The Polish economy will likely expand 0.6% in 2023 before rebounding to 2.7% next year, the European Bank for Reconstruction and Development (EBRD) said in the latest edition of its Regional Economic Prospects report on September 27.
The outlook for this year is the same as in the report’s May update, as economic activity remains subdued as household consumption has been hit with inflation while “increased financing costs and a further delay in transfers from the EU’s pandemic recovery fund have hampered investment,” the EBRD said.
The macroeconomic picture is about to get rosier in 2024, even though the EBRD’s forecast for next year was cut 0.3pp compared to May.
Still, “the expected return to positive real wage growth, low unemployment and an improvement in consumer sentiment” are expected to drive recovery.
The central bank’s larger-than-expected cut in the main policy rate – by 75pp to 6% in early September - will also provide some relief to indebted households and companies, though disinflation is expected to be slower than this year’s, also reflecting the depreciation of the zloty against the euro, according to the EBRD.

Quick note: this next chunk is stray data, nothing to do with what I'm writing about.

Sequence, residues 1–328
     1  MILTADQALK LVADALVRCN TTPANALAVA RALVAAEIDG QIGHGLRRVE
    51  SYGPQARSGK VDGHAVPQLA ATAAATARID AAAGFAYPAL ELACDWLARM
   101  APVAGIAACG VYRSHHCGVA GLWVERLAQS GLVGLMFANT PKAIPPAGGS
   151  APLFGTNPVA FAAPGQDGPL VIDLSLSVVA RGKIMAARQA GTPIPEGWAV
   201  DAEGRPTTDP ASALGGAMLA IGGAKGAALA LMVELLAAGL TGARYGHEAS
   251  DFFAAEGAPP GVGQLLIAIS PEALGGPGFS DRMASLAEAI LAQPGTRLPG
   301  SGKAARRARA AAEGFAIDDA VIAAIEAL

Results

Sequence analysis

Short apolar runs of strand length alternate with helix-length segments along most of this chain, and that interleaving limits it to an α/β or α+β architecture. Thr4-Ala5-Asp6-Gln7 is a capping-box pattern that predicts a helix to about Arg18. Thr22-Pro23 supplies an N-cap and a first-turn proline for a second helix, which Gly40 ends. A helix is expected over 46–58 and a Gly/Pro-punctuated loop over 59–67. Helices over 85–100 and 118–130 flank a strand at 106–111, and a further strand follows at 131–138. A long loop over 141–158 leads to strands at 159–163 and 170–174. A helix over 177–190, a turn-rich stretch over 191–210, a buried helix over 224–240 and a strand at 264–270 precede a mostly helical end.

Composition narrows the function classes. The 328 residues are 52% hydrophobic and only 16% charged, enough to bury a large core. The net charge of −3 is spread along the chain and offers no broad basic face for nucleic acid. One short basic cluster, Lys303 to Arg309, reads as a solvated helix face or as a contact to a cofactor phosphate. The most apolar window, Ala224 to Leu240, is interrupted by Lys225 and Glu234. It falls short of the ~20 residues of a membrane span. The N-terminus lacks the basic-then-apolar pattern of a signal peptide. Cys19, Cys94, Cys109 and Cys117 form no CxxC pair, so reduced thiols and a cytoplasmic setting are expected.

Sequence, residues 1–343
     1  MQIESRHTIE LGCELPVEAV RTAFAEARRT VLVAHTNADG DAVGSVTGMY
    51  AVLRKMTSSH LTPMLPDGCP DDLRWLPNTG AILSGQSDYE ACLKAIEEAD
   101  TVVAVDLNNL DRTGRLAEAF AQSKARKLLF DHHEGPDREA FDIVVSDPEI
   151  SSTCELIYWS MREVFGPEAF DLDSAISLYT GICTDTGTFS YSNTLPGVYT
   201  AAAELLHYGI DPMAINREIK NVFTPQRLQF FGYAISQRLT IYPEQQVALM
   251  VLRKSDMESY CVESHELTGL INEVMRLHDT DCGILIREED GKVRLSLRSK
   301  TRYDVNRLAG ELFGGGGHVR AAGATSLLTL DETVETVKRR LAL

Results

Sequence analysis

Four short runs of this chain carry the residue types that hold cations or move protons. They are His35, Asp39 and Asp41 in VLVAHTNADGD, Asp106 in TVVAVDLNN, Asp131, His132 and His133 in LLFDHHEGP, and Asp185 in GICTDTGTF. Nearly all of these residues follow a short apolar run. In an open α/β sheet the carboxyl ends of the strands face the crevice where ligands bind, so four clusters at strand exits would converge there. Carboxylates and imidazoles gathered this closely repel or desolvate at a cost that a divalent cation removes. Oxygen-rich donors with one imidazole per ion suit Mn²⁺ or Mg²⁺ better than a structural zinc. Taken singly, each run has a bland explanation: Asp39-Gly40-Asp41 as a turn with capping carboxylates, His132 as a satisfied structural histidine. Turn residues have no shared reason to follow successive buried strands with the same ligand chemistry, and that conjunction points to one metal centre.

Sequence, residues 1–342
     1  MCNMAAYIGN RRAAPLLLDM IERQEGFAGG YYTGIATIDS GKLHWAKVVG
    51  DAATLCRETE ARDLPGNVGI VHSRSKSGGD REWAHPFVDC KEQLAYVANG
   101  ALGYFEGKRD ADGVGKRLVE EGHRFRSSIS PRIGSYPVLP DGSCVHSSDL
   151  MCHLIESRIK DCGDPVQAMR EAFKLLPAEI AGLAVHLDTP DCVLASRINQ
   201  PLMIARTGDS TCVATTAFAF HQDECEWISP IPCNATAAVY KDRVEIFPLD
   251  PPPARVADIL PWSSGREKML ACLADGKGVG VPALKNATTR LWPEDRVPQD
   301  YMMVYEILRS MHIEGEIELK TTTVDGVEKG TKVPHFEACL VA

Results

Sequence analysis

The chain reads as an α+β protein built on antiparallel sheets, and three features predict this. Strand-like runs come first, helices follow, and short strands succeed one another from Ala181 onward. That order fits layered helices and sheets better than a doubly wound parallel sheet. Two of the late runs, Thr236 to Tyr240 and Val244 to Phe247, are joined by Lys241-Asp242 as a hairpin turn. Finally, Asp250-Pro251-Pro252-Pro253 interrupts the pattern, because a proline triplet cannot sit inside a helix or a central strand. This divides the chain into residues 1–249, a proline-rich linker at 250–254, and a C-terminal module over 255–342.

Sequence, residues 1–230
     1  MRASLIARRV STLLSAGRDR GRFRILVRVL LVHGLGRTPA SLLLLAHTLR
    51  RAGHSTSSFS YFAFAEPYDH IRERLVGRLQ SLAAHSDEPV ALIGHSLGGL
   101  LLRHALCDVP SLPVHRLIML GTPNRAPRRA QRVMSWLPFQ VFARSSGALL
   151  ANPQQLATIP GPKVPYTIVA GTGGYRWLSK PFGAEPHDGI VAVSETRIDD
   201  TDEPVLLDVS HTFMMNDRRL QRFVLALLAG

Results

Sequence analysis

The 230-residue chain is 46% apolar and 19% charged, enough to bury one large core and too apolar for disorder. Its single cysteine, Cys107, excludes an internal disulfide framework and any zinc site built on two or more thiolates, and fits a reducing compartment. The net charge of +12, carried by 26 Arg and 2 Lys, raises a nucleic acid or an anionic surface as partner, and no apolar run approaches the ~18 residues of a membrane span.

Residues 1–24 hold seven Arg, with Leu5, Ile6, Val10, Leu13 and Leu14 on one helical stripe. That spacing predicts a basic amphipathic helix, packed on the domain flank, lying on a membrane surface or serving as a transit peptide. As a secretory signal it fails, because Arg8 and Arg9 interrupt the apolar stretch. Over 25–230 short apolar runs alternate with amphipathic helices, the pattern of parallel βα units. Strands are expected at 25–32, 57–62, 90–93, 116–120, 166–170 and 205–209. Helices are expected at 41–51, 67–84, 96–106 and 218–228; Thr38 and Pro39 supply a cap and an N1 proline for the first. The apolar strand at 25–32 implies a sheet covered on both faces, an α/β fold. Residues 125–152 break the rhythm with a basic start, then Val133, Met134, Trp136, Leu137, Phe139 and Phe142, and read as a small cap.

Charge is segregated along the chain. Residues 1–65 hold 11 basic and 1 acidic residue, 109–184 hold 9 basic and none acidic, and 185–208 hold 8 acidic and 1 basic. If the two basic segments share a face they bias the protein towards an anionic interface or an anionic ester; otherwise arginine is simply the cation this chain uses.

Poland’s inflation descended from 18.4% y/y in February to 10.1% in August and is expected to compress further to around 6%-7% by the end of the year. A return to the central bank’s target of 1.5%-3.5% could take until 2025, however.
While falling inflation, cheaper credit, and real wages’ growing again are all expected to revive consumption, risks related to investment are forecast to remain, according to the EBRD.
“More delays in transfers from [the pandemic recovery fund] and uncertainty about potential increases in energy prices constitute main risks to improvements in investment,” the EBRD said.
Investment stood at 16.7% of GDP in 2022, below the EU-average level of 22.5%, the EBRD said.
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